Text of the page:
An iterative, frequentist approach for latent class analysis to evaluate conditionally dependent diagnostic tests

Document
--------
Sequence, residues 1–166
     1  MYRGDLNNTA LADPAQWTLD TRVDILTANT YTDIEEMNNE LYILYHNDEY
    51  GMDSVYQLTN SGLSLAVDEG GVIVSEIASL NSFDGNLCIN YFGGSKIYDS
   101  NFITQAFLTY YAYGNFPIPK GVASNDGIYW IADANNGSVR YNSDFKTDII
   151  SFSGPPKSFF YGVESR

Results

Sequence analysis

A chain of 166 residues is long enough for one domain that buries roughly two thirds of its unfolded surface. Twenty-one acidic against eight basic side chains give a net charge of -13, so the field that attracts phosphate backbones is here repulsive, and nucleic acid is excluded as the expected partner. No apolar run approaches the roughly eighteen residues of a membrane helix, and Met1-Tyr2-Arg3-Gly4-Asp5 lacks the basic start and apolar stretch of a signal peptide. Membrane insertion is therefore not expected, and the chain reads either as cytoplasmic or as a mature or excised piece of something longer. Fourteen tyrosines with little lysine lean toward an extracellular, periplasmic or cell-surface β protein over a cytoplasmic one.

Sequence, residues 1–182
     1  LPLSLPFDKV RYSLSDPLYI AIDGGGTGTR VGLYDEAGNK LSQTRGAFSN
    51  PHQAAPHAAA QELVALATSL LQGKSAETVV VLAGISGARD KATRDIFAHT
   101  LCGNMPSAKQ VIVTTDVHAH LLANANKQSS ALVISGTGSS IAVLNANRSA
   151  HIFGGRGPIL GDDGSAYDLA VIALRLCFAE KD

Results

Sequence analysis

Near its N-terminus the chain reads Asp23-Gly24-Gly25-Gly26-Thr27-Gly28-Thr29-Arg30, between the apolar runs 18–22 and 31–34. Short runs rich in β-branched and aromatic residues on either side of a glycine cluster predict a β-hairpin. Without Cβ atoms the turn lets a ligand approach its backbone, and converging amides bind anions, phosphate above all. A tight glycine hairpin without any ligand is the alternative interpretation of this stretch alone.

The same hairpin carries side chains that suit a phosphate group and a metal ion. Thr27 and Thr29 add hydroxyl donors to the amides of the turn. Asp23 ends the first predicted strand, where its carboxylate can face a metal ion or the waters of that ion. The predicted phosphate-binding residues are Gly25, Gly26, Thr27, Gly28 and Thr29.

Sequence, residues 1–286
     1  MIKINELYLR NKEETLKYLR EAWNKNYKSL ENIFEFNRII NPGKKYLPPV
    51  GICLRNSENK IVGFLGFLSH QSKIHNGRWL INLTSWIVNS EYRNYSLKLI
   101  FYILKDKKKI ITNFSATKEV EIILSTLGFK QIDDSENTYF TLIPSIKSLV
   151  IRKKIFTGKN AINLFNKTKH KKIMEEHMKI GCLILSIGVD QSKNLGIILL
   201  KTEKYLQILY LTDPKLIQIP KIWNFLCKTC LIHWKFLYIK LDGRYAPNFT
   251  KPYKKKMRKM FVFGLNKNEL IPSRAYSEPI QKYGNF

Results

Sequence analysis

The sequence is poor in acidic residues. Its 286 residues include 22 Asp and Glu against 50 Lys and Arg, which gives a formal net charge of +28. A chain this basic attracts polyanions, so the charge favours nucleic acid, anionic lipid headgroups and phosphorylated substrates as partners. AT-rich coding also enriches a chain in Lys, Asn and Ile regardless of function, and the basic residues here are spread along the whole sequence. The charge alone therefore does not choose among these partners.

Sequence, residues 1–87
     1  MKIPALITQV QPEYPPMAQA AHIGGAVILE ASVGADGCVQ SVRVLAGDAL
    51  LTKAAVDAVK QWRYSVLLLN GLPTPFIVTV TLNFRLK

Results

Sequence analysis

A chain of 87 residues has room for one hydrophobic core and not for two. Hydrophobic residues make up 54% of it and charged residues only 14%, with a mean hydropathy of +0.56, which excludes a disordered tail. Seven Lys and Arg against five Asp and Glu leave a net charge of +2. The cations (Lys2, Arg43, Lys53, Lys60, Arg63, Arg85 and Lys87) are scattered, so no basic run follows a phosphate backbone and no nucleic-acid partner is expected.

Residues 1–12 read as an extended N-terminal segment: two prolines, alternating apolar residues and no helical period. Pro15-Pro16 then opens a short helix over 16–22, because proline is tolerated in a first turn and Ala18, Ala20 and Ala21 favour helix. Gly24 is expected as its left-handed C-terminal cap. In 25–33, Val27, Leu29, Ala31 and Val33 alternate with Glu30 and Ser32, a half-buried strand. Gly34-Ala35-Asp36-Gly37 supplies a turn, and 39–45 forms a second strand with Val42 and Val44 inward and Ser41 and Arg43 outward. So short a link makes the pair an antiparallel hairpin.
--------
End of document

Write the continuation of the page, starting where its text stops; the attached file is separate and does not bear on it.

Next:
Latent class analysis is a well-established method in human and veterinary medicine for evaluating the accuracy of diagnostic tests without a gold standard. An important assumption of this procedure is the conditional independence of the tests. If tests with the same biological principle are used, this assumption is no longer met. Therefore, the model has to be adapted so that the dependencies between the tests can be considered. Our approach extends the traditional latent class model with a term for the conditional dependency of the tests. This extension increases the number of parameters to be estimated and leads to negative degrees of freedom of the model, meaning that not enough information is contained in the existing data to obtain a unique estimate. As a result, there is no clear solution. Hence, an iterative algorithm was developed to keep the number of parameters to be estimated small. Given adequate starting values, our approach first estimates the conditional dependencies and then regards the resulting values as fixed to recalculate the test accuracies and the prevalence with the same method used for independent tests. Subsequently, the new values of the test accuracy and prevalence are used to recalculate the terms for the conditional dependencies. These two steps are repeated until the model converges. We simulated five application scenarios based on diagnostic tests used in veterinary medicine. The results suggest that our method and the Bayesian approach produce similar precise results. However, while the presented approach is able to calculate more accurate results than the Bayesian approach if the test accuracies are initially misjudged, the estimates of the Bayesian method are more precise when incorrect dependencies are assumed. This finding shows that our approach is a useful addition to the existing Bayesian methods, while it has the advantage of allowing simpler and more objective estimations.